UTCC: Trade war stress to hurt exports

UTCC: Trade war stress to hurt exports

2018 loss in value projected at 0.1-0.2%

Ships are loaded with containers at Laem Chabang port. The US-China trade war will likely cause heavy drag on Thai exports in 2019. (Facebook/IHS)
Ships are loaded with containers at Laem Chabang port. The US-China trade war will likely cause heavy drag on Thai exports in 2019. (Facebook/IHS)

Thailand's exports are expected to drop by as much as US$4.42 billion (144 billion baht) next year if the ongoing trade war between the US and China intensifies, according to the latest study by the University of the Thai Chamber of Commerce.

Aat Pisanwanich, director of the UTCC's Center for International Trade Studies, said the trade war that began Jan 22 this year is estimated to lower Thai export value by $351 million-$597 million or a 0.1-0.2% contraction, with the loss expected to rise to $1.18 billion-$4.42 billion in 2019, a 0.5-1.9% contraction.

The centre forecasts the value of exports to stay in a range of $255.45 billion to $255.80 billion this year, up 7.9-8% from the year before.

Next year's export value is forecast to move in a range of $271.40 billion to $274.98 billion, or a rise of 6.1-7.5% from 2018.

According to Mr Aat, next year's forecast takes into account only the negative impact of the trade war, excluding other factors such as oil prices, foreign exchange and other risks.

The centre based its forecast of the trade war's impact on three scenarios: a 10% increase in import tariffs, a 25% increase in import tariffs and a 25% increase in import tariffs with additional items becoming subject to higher tariffs. (Story continues below infographics)

Shipments are expected to drop by $1.34 billion if tariffs are raised by 10% by the two giant economies, with those to drop by $2.97 billion if the rates are raised by 25%.

The value of Thai exports is forecast to fall by as much as $5.62 billion if the last scenario eventuates.

Exports to China expected to fall next year include computers and electronics, chemicals, rubber and plastics, wood and wooden products, farm products, food, beverages, and tobacco.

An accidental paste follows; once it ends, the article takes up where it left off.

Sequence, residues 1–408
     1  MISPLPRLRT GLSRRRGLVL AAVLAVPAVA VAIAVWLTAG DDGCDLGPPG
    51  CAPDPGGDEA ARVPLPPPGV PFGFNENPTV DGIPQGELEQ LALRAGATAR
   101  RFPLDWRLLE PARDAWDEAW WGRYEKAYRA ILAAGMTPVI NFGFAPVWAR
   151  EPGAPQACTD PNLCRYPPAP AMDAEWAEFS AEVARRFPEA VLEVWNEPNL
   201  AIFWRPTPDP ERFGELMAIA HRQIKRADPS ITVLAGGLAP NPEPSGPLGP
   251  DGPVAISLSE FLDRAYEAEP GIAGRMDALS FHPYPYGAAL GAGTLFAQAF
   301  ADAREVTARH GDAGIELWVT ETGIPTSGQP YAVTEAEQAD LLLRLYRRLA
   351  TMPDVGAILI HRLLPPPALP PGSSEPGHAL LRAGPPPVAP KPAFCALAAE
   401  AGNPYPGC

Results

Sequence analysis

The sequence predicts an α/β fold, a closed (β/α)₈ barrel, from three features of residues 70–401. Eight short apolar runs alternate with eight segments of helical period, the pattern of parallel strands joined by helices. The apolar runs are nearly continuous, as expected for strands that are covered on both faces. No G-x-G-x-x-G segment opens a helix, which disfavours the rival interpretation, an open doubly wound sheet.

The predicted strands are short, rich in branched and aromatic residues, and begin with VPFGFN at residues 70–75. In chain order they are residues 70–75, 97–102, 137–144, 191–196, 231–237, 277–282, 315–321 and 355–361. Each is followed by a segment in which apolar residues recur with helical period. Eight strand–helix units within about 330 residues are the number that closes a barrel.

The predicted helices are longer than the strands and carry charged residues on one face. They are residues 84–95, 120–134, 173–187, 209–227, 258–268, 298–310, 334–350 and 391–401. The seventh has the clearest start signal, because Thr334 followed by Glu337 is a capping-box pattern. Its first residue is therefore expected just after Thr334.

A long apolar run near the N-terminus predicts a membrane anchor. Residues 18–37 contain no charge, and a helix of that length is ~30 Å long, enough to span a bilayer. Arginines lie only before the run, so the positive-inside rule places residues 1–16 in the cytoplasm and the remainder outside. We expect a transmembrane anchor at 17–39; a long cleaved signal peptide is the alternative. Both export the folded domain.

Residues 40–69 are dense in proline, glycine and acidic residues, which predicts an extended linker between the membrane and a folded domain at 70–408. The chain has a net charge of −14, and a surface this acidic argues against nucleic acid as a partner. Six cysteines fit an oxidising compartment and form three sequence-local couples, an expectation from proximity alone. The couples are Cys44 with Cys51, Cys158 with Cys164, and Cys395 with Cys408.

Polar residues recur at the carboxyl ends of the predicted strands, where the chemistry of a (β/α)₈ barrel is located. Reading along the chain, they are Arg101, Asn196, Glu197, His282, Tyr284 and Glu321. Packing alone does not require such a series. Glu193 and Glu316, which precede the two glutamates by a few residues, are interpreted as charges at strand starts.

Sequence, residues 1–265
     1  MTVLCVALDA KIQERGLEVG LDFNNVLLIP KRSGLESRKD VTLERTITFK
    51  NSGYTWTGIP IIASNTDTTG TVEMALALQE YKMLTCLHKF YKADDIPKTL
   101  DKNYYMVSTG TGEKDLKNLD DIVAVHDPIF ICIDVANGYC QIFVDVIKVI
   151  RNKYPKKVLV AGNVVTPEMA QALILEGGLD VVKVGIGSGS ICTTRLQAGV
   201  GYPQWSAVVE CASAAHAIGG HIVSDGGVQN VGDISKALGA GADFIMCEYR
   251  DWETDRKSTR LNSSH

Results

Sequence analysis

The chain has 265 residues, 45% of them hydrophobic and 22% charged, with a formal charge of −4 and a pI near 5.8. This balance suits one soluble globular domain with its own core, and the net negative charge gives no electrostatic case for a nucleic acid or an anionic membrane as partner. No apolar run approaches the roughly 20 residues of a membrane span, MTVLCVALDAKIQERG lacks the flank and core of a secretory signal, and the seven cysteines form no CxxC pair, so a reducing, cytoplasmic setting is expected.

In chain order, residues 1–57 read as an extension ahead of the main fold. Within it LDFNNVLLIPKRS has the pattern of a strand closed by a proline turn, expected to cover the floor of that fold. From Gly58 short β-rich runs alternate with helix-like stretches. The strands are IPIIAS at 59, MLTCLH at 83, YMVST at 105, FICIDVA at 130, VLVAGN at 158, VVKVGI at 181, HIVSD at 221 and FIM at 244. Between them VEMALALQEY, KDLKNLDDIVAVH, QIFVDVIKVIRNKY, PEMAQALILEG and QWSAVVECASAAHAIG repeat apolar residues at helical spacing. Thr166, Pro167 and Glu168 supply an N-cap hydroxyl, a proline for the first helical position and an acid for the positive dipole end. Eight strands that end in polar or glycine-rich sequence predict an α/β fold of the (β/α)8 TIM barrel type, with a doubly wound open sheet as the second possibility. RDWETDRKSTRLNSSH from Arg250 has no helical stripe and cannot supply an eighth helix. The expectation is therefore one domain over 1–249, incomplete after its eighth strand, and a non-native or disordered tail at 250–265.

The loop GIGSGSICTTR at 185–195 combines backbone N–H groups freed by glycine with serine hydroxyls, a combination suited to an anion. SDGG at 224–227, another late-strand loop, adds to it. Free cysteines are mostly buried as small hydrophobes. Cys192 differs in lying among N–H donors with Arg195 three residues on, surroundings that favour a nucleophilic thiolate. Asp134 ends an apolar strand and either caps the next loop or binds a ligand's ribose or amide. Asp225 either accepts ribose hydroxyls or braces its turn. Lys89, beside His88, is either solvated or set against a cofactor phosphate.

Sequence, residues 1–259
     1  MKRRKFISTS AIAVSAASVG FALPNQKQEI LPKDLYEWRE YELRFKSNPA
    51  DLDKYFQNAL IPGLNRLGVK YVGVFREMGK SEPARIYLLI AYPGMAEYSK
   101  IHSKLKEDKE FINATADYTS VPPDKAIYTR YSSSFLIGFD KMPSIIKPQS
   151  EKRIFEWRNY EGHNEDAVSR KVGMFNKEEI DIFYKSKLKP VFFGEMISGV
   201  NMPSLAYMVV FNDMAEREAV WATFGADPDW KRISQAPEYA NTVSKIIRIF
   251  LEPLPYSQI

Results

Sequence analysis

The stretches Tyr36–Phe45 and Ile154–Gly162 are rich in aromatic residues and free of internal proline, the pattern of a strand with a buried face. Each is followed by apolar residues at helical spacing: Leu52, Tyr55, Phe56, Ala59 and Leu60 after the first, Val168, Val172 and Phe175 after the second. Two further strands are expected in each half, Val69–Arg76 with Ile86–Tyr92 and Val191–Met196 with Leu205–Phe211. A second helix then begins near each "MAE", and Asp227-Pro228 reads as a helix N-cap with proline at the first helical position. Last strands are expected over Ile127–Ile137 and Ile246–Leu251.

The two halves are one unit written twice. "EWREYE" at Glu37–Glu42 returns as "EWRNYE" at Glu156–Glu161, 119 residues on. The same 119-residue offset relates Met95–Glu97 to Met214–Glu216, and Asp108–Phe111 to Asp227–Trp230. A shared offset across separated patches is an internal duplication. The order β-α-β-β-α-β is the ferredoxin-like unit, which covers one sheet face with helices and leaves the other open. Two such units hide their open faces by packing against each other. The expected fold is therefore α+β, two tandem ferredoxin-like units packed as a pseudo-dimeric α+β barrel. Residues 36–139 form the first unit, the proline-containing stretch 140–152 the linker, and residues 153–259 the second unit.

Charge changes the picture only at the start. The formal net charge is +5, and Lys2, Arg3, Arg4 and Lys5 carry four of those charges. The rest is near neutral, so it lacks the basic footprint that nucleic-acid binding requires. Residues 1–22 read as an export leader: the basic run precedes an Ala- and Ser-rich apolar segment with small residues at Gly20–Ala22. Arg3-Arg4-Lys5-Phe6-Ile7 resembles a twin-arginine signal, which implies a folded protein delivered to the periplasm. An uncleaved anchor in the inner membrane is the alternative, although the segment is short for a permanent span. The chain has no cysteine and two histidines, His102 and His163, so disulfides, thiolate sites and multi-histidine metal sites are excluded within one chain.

Goods bound for the US market to be hit hard by higher tariffs include computers and electronics, rubber and plastics, textiles, leatherwear and shoes, electric appliances, and machines and parts.

"Next year we expect the trade war will result in a decrease in Chinese exports to the US by $18.97 billion to $86.56 billion, while US shipments to China are expected to drop by $6.87 billion to 18.05 billion," Mr Aat said. "The trade war is forecast to shave 0.1-0.5% off global GDP growth, which China will be the most affected by, followed by the US, the EU, Japan and South Korea."

Mr Aat said goods from China and the US such as electric appliances, steel, cars, plastics and chemical products are also expected to flood into Thailand.

Thailand, meanwhile, will be given the opportunity to export more products to China and the US to replace products that are subject to higher tariffs from the two countries. Promising segments include electric appliances, rubber, wood, plastics, processed food, and automotive and parts.

"Thai small and medium-sized entrepreneurs, in particular, should be careful and prepare for the influx of Chinese goods to Thailand, especially electric appliances and steel products," Mr Aat said. "Goods from China will be exported more to Asean markets, first to Vietnam, which shares a border with China, followed by Singapore, Malaysia and Thailand."

He said foreign direct investment from China is also expected to surge in Thailand and Asean.

"The trade war will expedite FDI from China," Mr Aat said. "Thailand should work harder at attracting Chinese investors in high technology, especially in the Eastern Economic Corridor."


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